Paul Graham’s recent essay, “The Hardest Lessons for Startups to Learn,” which recounts his talk from Startup School, is the best advice for entrepreneurs I’ve read. If you’re interested in startups, you should definitely read it.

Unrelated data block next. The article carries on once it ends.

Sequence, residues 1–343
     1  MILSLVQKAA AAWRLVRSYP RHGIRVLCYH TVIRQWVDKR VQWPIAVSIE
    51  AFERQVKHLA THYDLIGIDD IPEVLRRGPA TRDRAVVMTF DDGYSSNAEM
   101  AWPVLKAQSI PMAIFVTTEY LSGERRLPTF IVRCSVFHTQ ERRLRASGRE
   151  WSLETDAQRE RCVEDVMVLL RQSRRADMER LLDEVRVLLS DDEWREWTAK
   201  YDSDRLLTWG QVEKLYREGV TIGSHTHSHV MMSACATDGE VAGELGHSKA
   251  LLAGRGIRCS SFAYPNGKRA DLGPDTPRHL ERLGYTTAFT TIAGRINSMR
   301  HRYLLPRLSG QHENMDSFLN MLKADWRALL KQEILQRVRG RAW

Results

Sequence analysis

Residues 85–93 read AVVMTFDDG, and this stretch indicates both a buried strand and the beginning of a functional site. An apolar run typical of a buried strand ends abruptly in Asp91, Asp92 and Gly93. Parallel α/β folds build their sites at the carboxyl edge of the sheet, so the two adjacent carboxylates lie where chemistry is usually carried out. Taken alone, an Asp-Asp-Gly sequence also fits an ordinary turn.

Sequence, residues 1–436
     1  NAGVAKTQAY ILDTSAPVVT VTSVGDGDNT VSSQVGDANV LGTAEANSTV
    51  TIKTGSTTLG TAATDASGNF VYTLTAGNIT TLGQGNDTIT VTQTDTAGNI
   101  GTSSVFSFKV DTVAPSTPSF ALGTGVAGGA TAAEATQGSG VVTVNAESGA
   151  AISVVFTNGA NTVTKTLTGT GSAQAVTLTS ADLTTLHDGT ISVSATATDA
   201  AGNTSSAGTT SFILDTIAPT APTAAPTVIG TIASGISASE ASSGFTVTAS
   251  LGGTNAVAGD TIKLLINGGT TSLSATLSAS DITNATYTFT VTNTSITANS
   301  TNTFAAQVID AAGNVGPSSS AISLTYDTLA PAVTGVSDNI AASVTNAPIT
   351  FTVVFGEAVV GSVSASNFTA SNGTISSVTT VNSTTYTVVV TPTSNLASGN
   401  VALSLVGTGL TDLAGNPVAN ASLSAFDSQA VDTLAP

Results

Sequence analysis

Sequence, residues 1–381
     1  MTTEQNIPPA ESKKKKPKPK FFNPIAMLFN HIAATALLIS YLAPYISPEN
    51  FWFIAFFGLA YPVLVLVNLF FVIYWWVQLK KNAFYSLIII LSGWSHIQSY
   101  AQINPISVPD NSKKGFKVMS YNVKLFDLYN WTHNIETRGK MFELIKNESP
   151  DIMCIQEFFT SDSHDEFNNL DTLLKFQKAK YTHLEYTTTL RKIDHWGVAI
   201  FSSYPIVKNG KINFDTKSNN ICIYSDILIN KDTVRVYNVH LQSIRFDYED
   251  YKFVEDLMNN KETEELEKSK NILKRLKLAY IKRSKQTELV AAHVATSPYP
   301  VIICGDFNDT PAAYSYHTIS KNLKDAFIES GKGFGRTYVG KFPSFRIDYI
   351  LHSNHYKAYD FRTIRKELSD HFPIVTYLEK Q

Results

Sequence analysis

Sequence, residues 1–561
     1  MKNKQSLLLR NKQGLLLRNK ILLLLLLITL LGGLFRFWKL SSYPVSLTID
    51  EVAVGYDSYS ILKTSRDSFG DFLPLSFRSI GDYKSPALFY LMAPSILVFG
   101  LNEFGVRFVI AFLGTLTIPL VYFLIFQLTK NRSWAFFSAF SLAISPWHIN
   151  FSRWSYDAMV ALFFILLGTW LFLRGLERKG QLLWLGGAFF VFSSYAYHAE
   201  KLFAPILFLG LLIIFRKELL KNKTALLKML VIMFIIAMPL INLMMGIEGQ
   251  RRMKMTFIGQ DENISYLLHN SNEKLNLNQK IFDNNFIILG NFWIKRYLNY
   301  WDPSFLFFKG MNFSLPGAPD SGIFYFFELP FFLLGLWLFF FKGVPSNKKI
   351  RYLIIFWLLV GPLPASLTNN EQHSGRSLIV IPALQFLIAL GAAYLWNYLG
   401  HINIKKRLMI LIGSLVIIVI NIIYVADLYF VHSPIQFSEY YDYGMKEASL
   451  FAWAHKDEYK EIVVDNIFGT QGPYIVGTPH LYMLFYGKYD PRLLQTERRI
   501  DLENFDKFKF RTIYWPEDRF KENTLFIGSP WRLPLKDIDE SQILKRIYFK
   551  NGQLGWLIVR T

There’s an interesting meta-lesson in the essay. Paul advocates getting a very basic product out quickly and then learning from, and reacting to, its encounters with actual users as quickly as possible. Likewise, the essay itself is made up of the advice he’s had to give the most often with the startups that he and his partners fund through Y Combinator. In other words, this is the advice he’s learned is important from his encounters with his “users.” The meta-lesson is that one way to give great advice is to find people working on something you know about, and catalog the lessons you believe to be true and they, at first, believe to be false. If you’re changing their minds for the better, you’re hitting the sweet spot. (Actually, Paul says exactly that in an earlier essay, talking about his book Hackers and Painters: “I didn’t want to waste people’s time telling them things they already knew. It’s more efficient just to give them the diffs.”)